Ahmet Davutoglu

Protest in Istanbul, Jan 2014 (Getty Images)

According to the Turkish proverb, if you spit down it gets in your beard and if you spit up it gets in your moustache. In other words, it’s a mess either way – and that pretty much sums up the state of EU-Turkish relations as Recep Tayyip Erdogan, Turkey’s prime minister, prepares to visit Brussels on Tuesday for the first time since June 2009. Read more

Happier times? Syrian President Bashar al Assad, right, and his wife Asma, second left, with the Turkish Prime Minister Recep Tayyip Erdogan and his wife Emine in Bodrum in August 2008

It wasn’t always like this. There was a time – just four years ago – when the leaders of Turkey and Syria could meet with their wives at a sunkissed beach resort, smile, share a meal, and discuss ‘regional peace efforts’. Things are different now. On Thursday, the Turkish parliament voted to authorise the deployment of troops in Syria; a response to the firing of a Syrian shell that killed five people in a Turkish border town. The incident in Akcakale brought to the surface months of simmering hostility between the two countries. While Recep Tayyip Erdogan, Turkey’s prime minister, insists he does not want to start a war, the situation is volatile, and even small moves in the coming weeks could reverberate across the region.

In the FT

  • In this analysis piece from September 24, the FT’s Turkey correspondent Daniel Dombey takes an in-depth look at how the turmoil in Syria has sent shockwaves through Turkey’s economy, domestic political scene and unsettled its relations with neighbours and allies. “The poison let loose by the fighting in Syria… has seeped across the countries’ 900km border.”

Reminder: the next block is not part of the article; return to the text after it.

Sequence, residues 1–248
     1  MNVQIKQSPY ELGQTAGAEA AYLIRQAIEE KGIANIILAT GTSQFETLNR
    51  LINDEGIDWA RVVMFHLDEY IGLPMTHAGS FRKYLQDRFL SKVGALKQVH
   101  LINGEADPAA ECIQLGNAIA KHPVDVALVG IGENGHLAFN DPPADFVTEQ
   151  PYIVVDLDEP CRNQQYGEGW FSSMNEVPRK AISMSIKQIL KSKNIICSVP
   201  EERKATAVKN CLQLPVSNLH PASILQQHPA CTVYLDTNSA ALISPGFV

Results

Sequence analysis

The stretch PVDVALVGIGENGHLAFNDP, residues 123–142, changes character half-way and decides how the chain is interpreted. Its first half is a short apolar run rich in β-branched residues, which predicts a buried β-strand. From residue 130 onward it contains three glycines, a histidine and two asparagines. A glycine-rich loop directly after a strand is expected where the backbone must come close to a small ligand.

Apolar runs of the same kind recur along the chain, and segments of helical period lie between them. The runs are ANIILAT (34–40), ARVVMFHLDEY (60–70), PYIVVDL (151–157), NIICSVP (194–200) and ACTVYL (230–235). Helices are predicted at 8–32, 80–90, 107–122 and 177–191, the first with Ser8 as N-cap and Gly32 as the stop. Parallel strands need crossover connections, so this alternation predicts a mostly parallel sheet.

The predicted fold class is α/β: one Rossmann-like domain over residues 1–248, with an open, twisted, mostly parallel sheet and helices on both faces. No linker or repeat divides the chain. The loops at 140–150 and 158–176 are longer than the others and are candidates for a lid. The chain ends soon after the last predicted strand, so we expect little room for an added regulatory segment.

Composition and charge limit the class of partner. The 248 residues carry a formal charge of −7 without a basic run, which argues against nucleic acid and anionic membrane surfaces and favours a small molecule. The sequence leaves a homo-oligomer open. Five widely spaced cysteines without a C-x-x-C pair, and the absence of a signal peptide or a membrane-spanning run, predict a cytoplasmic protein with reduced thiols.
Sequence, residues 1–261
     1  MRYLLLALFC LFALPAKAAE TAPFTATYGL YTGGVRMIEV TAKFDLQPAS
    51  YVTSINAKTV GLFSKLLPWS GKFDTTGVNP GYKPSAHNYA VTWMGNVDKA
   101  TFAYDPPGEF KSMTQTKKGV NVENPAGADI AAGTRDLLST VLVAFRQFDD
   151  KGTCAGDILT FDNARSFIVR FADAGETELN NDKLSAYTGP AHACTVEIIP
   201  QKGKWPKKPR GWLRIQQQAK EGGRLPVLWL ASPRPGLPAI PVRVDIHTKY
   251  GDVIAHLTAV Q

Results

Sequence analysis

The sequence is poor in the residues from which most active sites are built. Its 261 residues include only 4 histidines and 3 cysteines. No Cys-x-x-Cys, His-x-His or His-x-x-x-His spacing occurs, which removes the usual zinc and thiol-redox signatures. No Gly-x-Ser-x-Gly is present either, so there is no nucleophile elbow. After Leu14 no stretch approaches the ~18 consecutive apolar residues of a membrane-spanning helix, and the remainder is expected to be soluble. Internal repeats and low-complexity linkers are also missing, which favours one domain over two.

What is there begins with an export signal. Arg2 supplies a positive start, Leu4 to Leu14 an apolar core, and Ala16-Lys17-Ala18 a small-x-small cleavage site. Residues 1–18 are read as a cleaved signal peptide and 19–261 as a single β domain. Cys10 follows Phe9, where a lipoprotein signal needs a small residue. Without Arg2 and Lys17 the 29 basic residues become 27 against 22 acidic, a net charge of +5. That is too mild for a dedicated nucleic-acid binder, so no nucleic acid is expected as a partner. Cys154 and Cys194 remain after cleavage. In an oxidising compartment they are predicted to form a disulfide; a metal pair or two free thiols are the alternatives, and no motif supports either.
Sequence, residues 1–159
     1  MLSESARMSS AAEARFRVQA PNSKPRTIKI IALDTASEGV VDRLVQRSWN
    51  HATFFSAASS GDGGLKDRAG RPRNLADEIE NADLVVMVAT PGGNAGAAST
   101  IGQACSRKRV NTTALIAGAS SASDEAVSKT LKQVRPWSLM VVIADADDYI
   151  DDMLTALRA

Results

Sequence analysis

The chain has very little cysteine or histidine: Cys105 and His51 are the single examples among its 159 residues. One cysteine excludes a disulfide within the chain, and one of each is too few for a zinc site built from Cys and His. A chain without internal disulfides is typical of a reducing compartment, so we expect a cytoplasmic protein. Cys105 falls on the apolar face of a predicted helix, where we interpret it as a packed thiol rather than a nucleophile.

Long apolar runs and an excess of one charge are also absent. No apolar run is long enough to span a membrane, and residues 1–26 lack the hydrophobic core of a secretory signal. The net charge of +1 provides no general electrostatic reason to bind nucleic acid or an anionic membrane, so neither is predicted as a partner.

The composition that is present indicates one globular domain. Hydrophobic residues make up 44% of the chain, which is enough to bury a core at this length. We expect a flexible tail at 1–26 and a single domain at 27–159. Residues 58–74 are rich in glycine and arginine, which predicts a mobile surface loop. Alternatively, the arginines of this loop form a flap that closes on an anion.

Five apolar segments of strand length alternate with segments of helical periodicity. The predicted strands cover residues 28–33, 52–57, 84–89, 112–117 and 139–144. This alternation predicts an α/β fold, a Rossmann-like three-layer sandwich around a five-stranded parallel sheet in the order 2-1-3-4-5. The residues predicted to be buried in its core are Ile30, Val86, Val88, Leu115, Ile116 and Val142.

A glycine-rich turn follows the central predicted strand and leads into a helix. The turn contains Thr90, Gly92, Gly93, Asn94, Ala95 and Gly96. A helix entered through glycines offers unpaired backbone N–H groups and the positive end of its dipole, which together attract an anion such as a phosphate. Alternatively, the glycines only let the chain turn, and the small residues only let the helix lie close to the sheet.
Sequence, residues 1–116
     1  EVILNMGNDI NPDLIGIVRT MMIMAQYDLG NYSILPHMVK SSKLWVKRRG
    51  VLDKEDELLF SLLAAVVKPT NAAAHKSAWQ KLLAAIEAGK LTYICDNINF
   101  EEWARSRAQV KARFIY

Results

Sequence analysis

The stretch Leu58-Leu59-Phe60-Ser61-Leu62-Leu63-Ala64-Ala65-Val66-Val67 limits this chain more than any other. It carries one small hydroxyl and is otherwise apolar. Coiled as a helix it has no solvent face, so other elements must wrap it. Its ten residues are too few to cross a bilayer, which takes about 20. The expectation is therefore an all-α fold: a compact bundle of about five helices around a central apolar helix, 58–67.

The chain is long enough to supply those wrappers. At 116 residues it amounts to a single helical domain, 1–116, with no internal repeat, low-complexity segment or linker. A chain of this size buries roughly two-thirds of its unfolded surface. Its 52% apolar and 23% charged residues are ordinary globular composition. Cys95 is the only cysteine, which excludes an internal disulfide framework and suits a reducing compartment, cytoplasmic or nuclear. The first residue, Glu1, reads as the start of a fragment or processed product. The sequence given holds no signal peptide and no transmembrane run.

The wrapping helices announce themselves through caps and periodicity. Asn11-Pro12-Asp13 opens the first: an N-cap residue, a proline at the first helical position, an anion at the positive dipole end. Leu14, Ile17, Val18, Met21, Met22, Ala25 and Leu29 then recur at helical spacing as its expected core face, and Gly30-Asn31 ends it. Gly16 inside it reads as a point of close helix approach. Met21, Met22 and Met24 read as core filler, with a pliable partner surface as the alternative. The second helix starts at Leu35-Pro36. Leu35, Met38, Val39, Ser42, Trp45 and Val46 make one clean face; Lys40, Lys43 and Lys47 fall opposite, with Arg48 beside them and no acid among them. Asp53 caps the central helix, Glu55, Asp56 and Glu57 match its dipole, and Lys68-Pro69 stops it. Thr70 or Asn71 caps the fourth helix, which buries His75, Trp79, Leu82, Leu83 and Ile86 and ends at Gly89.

• Ahmet Davutoglu, Turkey’s foreign minister, famously declared he would pursue a “zero problems with the neighbours” policy – and for a while, this seemed to work. In this opinion piece from June, Gideon Rachman argues that the aspiration “has now been displaced by a real world in which Turkey in fact has awkward relations with most of its neighbours: Iraq, Iran, Syria and Israel – foremost among them.” In particular, Erdogan’s increasingly vocal criticism of Assad’s handling of the crisis has shaken Turkey’s already delicate relationship with Iran.

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